Brandon Roy and historical revisionism

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John Canzano, that most polarizing of Portland sports media figures, has made waves over the last few days with a report that cites a “consulting surgeon” with knowledge of Brandon Roy’s knee situation as saying that Roy has, at most, one to two years left as a high-level professional basketball player. If true, this does, of course, radically alter the Trail Blazers’ long-term outlook, given not only Roy’s immense on-court value to the team when healthy, but also the five-year max deal Kevin Pritchard gave him in the summer of 2009.

Besides possibly constituting a massive HIPAA violation on the part of this consulting surgeon, this report has also re-raised questions about that contract. Since it became clear earlier this season that Roy’s knees are in far worse condition than anyone had previously thought, it has been suggested not only by Canzano but also by Bill Simmons and other prominent NBA writers that it was irresponsible of Portland’s front office to give Roy a max deal in the first place. It’s not just in the media that this sentiment is growing: I’ve seen it on Twitter and in the comment sections of several well-known NBA blogs. I’ve even seen it suggested that part of the reason Pritchard was fired last summer was because he gave Roy over $80 million in guaranteed money knowing full well that his knees wouldn’t be up to the job.

Let’s back up here for a second. Should the Blazer management, knowing what they knew about Roy’s knees, have attempted to put some kind of safeguard, be it a team option or some kind of injury-based escape clause, in the contract? Probably. But think back two summers. The Blazers were coming off a 54-win season and their first playoff appearance in six years, and this newfound success was due in large part to Roy, who elevated his game in 2008-09 to another level from his already-impressive first two seasons. There was a strong case to be made that he was, at that point, the second-best shooting guard in the Western Conference, next to only Kobe Bryant. He made his second consecutive All-Star game, and was viewed by an ever-growing section of the media and general public as a guy who would soon become one of the top 10 or 15 players in the league.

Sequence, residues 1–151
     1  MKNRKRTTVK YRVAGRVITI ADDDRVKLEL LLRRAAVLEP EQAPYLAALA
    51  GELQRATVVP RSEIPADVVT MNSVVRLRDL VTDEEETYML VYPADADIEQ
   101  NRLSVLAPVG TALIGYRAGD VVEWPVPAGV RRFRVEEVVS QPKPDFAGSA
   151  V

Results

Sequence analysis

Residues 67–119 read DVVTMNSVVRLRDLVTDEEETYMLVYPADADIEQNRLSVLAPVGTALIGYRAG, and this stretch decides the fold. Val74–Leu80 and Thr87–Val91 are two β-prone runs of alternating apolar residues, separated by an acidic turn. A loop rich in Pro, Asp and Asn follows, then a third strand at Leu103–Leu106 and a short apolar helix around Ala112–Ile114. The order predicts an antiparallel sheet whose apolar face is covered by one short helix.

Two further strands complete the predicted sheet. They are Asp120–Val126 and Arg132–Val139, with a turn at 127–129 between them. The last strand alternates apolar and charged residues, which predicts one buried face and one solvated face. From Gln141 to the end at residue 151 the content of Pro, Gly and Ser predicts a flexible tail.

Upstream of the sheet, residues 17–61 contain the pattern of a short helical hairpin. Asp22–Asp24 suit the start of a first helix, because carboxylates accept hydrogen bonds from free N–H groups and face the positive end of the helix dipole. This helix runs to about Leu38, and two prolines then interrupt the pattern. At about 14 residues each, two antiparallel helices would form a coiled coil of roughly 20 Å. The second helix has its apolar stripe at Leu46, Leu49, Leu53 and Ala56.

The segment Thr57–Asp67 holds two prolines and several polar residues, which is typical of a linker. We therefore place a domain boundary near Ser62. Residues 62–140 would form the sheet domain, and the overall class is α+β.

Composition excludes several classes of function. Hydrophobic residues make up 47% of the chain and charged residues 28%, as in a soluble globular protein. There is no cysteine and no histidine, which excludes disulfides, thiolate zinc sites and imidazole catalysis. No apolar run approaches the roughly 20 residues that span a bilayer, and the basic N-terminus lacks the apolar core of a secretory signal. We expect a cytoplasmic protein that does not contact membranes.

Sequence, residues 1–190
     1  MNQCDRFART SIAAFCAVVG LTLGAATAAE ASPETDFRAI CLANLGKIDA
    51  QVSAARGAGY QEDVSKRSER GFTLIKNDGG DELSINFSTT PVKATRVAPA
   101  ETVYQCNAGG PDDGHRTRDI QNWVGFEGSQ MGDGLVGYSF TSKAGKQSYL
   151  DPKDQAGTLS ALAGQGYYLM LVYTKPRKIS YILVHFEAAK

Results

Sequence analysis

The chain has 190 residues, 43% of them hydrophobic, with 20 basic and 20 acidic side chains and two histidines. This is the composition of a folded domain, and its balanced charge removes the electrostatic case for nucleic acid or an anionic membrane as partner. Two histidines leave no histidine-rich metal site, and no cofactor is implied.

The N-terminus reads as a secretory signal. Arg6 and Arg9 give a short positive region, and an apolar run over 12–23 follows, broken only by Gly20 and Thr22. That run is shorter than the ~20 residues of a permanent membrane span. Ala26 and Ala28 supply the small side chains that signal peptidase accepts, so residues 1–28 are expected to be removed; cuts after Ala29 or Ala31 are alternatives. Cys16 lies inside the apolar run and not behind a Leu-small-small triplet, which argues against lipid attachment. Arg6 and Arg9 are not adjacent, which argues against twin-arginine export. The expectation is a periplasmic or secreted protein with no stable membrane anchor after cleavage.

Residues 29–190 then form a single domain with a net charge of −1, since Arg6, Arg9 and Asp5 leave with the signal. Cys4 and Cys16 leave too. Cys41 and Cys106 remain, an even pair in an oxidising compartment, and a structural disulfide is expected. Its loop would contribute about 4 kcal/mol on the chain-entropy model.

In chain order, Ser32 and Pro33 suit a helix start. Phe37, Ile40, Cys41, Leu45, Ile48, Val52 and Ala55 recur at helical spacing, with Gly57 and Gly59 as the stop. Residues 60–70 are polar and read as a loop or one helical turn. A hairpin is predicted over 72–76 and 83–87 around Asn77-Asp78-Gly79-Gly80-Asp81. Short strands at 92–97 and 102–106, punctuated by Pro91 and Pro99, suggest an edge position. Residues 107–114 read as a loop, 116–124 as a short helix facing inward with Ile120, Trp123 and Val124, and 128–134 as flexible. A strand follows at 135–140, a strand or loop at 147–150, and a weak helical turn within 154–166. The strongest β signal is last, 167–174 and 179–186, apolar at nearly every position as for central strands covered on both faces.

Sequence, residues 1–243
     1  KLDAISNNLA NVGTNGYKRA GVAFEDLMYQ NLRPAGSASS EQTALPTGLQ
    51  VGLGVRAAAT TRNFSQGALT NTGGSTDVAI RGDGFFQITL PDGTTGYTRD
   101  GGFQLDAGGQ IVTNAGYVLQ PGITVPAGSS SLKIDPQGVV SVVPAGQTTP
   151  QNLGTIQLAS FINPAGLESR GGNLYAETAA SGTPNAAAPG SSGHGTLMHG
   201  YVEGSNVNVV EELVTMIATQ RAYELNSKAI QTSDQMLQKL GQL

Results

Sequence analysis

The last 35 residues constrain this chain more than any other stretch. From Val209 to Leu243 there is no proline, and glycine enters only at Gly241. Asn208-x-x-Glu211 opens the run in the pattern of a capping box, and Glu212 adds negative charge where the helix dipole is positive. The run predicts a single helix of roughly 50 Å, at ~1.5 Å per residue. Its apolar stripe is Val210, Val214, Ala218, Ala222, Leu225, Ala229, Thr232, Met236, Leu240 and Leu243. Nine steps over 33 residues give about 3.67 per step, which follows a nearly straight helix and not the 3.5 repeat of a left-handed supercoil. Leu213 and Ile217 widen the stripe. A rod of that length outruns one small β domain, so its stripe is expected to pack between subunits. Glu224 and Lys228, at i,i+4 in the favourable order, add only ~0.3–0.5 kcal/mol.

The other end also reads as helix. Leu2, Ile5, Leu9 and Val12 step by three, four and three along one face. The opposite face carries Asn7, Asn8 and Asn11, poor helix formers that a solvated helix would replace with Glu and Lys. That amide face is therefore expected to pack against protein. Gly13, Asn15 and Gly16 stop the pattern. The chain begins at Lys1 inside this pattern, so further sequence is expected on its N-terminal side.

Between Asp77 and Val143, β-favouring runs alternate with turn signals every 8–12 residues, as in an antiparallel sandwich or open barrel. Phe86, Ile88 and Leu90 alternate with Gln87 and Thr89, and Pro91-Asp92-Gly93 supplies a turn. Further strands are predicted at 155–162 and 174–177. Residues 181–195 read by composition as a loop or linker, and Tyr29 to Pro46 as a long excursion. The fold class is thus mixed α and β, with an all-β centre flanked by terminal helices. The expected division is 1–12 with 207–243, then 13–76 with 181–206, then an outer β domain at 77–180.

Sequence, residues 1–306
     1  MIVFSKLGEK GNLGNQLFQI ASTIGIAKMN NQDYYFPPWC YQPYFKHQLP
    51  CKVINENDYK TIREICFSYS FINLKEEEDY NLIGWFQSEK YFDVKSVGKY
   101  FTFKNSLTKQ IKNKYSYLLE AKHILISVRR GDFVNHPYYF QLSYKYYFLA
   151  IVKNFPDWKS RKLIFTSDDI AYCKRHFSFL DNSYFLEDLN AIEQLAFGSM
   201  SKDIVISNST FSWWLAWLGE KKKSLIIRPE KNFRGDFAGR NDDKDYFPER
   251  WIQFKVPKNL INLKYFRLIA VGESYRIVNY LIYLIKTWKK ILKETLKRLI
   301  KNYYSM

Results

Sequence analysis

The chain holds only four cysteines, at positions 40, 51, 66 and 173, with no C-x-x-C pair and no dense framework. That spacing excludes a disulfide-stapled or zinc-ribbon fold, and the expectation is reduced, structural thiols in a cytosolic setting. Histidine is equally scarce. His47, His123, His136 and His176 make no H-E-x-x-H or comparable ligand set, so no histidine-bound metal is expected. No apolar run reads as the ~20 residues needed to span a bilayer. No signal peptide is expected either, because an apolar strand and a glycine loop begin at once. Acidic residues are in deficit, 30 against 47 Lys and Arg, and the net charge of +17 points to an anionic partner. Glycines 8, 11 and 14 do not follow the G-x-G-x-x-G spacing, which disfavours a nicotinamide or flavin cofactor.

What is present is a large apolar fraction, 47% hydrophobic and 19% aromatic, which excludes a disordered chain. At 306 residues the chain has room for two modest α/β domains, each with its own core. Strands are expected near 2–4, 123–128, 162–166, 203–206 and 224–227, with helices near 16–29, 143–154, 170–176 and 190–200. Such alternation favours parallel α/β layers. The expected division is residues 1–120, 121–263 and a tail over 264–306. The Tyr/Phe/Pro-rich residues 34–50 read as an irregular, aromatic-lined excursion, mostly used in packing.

Beyond that, he was (and is), by all accounts, a model teammate and citizen. There was no reason whatsoever for an up-and-coming team like Portland to hesitate at building around this guy. There were a few guys in the league you’d take over him as your franchise player, but not many. So when it came time to negotiate an extension to Roy’s rookie contract, there was no doubt in anyone’s mind that he would be worth a max deal. In fact, there was considerable uproar among Blazers fans because Pritchard and Paul Allen didn’t get this deal done immediately. How quickly we forget that it took a good month and a half of the summer before the Blazers and Roy agreed to terms, a period during which Brandon voiced his frustration with the negotiations on the radio several times and raised questions in the media (led, of course, by Canzano) as to whether Portland would let its franchise player get away.

The conversation about how the Blazers can move forward without banking on Roy’s long-term health and ability to contribute is a perfectly legitimate one to have. But it should never be questioned that including him in the team’s plans was the right move in the first place.

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  • James

    Wait a second: